Metra, M., Giubbini, R., Nodari, S., Boldi, E., Modena, M. G., & Dei Cas, L. (2000). Differential effects of beta-blockers in patients with heart failure: A prospective, randomized, double-blind comparison of the long-term effects of metoprolol versus carvedilol. Circulation, 102(5), 546-51.
Metra M, et al. Differential Effects of Beta-blockers in Patients With Heart Failure: a Prospective, Randomized, Double-blind Comparison of the Long-term Effects of Metoprolol Versus Carvedilol. Circulation. 2000 Aug 1;102(5):546-51. PubMed PMID: 10920067.
* Article titles in AMA citation format should be in sentence-case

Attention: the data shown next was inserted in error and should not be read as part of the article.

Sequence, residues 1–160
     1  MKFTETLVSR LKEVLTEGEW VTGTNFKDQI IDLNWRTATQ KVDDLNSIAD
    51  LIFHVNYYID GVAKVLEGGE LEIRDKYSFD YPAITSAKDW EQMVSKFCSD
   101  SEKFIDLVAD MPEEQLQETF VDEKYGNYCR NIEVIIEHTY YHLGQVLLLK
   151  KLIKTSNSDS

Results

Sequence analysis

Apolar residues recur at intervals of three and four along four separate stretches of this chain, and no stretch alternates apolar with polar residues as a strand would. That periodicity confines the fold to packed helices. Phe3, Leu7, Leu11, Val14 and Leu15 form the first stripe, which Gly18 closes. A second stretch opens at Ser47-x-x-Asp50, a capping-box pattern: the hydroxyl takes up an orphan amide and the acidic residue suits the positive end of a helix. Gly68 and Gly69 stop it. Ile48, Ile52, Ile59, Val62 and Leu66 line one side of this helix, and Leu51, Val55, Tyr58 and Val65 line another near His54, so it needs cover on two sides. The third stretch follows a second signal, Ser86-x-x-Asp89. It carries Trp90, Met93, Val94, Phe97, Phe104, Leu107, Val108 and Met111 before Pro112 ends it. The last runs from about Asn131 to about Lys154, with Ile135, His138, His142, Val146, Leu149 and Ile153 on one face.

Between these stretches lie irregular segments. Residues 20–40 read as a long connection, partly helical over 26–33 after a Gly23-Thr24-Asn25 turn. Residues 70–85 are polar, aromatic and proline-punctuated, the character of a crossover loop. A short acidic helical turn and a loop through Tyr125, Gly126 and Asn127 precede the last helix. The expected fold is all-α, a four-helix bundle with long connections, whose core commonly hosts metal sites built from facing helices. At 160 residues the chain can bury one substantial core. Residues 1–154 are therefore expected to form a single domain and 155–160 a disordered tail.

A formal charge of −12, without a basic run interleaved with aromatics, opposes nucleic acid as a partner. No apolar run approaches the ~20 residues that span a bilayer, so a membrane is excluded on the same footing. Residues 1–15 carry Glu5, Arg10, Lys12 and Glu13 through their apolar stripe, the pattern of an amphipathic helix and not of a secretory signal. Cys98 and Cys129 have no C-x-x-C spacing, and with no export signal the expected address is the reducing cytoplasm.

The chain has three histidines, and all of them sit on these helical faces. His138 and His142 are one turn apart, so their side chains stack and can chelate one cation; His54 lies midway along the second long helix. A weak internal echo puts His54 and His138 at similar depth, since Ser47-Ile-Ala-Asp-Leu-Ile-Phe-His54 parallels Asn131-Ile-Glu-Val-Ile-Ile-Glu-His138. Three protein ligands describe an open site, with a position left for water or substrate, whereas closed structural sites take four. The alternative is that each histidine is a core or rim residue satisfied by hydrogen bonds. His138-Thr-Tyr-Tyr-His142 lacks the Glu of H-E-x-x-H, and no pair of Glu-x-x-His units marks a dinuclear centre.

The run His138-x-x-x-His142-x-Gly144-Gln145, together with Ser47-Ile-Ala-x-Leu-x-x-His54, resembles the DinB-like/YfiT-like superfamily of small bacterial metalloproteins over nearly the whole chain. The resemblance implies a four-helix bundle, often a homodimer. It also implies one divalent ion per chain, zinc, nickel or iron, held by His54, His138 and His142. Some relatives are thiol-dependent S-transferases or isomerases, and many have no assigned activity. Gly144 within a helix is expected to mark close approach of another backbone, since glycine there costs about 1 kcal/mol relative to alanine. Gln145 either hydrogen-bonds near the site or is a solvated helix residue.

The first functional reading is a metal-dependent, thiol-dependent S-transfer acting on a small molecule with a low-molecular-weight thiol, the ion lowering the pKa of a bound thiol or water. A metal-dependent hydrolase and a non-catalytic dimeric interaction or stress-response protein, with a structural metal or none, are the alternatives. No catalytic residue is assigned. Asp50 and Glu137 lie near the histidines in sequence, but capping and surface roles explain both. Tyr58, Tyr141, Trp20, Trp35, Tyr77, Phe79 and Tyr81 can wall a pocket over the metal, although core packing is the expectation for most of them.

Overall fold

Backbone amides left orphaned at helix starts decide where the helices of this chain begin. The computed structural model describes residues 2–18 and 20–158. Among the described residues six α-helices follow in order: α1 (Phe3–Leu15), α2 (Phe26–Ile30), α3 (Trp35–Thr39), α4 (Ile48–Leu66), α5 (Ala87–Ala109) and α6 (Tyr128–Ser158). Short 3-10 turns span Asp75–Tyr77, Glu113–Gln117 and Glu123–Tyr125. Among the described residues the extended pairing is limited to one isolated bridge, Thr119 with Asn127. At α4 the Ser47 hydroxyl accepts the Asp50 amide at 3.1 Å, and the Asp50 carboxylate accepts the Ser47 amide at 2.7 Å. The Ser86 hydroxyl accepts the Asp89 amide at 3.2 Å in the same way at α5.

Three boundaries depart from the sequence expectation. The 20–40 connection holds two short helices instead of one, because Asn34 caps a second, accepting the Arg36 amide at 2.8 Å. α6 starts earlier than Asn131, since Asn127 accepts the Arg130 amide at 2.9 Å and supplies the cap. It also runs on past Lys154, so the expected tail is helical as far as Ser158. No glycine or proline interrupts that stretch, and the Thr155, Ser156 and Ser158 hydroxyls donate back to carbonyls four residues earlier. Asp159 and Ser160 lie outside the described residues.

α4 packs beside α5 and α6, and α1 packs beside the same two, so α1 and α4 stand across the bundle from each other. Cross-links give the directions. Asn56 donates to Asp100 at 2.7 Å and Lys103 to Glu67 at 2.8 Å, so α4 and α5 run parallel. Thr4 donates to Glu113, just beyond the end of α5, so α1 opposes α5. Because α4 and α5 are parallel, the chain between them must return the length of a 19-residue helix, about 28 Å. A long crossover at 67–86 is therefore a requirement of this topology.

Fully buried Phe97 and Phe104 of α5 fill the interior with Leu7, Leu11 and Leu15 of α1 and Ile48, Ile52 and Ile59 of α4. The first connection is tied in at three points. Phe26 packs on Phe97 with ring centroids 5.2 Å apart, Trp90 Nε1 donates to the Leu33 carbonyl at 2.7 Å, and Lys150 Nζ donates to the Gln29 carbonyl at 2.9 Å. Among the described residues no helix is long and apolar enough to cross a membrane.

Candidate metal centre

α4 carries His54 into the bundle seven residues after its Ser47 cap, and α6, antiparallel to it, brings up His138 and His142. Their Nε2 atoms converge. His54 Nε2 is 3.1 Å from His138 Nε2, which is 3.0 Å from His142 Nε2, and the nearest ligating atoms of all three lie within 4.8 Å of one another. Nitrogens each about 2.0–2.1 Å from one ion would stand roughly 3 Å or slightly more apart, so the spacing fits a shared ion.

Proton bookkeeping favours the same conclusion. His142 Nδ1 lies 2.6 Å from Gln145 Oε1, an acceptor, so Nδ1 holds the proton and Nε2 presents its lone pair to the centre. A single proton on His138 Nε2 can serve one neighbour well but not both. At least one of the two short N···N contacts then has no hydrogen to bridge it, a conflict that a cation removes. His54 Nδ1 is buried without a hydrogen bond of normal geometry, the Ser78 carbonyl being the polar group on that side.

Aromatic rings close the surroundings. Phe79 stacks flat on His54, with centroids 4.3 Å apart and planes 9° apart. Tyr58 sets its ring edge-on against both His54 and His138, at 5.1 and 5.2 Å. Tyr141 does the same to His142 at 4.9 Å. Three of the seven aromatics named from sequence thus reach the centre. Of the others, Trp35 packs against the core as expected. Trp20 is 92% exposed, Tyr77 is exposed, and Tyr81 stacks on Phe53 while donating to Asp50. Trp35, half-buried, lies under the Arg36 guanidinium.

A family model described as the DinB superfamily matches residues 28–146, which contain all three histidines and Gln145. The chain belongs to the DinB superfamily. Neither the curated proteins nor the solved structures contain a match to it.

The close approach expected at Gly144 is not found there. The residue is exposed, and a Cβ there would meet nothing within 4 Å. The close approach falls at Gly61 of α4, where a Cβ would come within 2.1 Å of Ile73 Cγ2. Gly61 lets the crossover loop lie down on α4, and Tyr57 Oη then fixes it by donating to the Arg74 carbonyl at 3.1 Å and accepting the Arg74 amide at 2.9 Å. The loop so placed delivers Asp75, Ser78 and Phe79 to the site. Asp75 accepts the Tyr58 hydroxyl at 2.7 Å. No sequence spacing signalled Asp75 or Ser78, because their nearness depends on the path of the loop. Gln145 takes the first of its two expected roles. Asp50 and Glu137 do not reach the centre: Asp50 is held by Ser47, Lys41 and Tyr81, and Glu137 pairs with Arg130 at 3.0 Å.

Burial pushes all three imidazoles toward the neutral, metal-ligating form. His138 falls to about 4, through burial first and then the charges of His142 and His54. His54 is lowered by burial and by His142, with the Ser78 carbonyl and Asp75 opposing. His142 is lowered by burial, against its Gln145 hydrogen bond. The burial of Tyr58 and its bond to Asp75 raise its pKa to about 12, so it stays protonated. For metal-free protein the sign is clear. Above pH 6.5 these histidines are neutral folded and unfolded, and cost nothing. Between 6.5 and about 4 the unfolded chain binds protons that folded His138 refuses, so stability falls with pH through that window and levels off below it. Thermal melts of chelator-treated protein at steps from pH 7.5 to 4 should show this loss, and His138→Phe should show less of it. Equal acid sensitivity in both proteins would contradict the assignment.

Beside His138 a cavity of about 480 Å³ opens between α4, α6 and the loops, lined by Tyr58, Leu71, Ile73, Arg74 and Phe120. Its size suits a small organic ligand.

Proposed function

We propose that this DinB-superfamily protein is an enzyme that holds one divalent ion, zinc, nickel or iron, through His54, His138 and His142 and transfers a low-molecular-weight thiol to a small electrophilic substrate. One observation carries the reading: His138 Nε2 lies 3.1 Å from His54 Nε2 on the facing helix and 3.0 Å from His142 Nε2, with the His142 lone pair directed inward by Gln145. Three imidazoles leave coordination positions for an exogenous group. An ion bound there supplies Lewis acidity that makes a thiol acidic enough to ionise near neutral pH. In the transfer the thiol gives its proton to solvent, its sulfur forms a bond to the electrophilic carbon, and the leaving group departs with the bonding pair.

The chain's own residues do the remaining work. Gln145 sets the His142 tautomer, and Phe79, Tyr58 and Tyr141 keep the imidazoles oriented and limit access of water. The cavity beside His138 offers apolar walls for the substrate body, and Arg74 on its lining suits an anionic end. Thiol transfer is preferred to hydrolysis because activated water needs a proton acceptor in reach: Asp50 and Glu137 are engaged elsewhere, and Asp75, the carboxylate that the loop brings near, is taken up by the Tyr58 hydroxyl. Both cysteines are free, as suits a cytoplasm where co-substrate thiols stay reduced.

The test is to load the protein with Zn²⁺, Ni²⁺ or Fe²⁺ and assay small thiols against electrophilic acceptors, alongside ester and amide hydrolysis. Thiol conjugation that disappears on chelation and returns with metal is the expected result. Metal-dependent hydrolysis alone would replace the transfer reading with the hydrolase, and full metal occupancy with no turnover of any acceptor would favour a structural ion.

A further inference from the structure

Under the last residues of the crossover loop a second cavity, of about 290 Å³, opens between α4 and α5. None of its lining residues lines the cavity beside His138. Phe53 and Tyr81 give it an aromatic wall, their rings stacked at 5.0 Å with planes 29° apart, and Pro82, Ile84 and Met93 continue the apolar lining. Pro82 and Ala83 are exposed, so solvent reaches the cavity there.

TY - JOUR T1 - Differential effects of beta-blockers in patients with heart failure: A prospective, randomized, double-blind comparison of the long-term effects of metoprolol versus carvedilol. AU - Metra,M, AU - Giubbini,R, AU - Nodari,S, AU - Boldi,E, AU - Modena,M G, AU - Dei Cas,L, PY - 2000/8/2/pubmed PY - 2000/8/19/medline PY - 2000/8/2/entrez SP - 546 EP - 51 JF - Circulation JO - Circulation VL - 102 IS - 5 N2 - BACKGROUND: Both metoprolol and carvedilol produce hemodynamic and clinical benefits in patients with chronic heart failure; carvedilol exerts greater antiadrenergic effects than metoprolol, but it is unknown whether this pharmacological difference results in hemodynamic and clinical differences between the 2 drugs. METHODS AND RESULTS: We randomized 150 patients with heart failure (left ventricular ejection fraction </=0.35) to double-blind treatment with either metoprolol or carvedilol. When compared with metoprolol (124+/-55 mg/d), patients treated with carvedilol (49+/-18 mg/d) showed larger increases in left ventricular ejection fraction at rest (+10.9+/-11.0 versus +7.2+/-7.7 U, P=0.038) and in left ventricular stroke volume and stroke work during exercise (both P<0. 05) after 13 to 15 months of treatment. In addition, carvedilol produced greater decreases in mean pulmonary artery pressure and pulmonary wedge pressure, both at rest and during exercise, than metoprolol (all P<0.05). In contrast, the metoprolol group showed greater increases in maximal exercise capacity than the carvedilol group (P=0.035), but the 2 drugs improved symptoms, submaximal exercise tolerance, and quality of life to a similar degree. After a mean of 23+/-11 months of follow-up, 21 patients in the metoprolol group and 17 patients in the carvedilol group died or underwent urgent transplantation. CONCLUSIONS: The present study demonstrates that during long-term therapy, carvedilol improves cardiac performance to a greater extent than metoprolol when administered to patients with heart failure in the doses shown to be effective in clinical trials. These differences were likely related to a greater antiadrenergic activity of carvedilol. SN - 1524-4539 UR - https://www.unboundmedicine.com/medline/citation/10920067/Differential_effects_of_beta_blockers_in_patients_with_heart_failure:_A_prospective_randomized_double_blind_comparison_of_the_long_term_effects_of_metoprolol_versus_carvedilol_ L2 - https://www.ahajournals.org/doi/10.1161/01.cir.102.5.546?url_ver=Z39.88-2003&amp;rfr_id=ori:rid:crossref.org&amp;rfr_dat=cr_pub=pubmed DB - PRIME DP - Unbound Medicine ER -